The contour

Technique for measuring the contour with an example of a model comparison: Montagnana and Stradivari.

As was the case when recording the arching, the MARTIN SCHLESKE MASTER STUDIO FOR VIOLINMAKING determines the contour of the instrument by measuring a "cloud" of Cartesian points (in this case, XY coordinates) with a coordinate test setup. A computer is then used to present the numerical data as a contour line graph. This technique has the following benefits:

  • Easy printout of a true-to-scale contour (1:1) on millimeter paper. This is very useful when making an instrument based on the design of an existing instrument.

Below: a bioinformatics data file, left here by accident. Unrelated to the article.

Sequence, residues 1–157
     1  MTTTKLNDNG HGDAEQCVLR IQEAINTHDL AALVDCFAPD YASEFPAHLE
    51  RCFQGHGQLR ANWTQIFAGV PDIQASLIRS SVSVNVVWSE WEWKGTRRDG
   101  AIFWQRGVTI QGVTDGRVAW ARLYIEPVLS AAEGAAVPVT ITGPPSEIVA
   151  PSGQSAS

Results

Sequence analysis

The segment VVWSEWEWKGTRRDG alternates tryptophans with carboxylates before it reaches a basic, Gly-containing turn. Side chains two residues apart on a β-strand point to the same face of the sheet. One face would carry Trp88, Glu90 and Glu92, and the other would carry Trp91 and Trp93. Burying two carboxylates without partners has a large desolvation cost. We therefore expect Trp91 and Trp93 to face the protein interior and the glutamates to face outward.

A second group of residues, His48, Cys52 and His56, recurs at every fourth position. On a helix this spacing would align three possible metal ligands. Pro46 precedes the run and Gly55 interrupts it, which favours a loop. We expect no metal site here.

• Comparison of different data sets (instruments) by displaying the contours in different line colors on the same diagram. This is a good way to make a simple (quantitative) comparison of the designs of different instruments.

The following figure shows a comparison of the contour data sets for two classic old Italian violins:

Contour comparison for two violins.
Red: Domenico Montagnana (1729). Black: Antonio Stradivari (1712).
Similarities and characteristic differences in the design are immediately apparent. Montagnana used a shorter model with a C-bout width and upper width that are larger than the more slender Stradivarius contour.